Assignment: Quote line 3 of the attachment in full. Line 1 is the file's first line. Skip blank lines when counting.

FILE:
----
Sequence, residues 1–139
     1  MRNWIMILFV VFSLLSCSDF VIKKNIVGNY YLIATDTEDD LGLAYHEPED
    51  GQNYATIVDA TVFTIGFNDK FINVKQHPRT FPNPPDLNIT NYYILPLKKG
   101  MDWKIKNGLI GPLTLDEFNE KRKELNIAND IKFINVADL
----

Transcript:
    51  GQNYATIVDA TVFTIGFNDK FINVKQHPRT FPNPPDLNIT NYYILPLKKG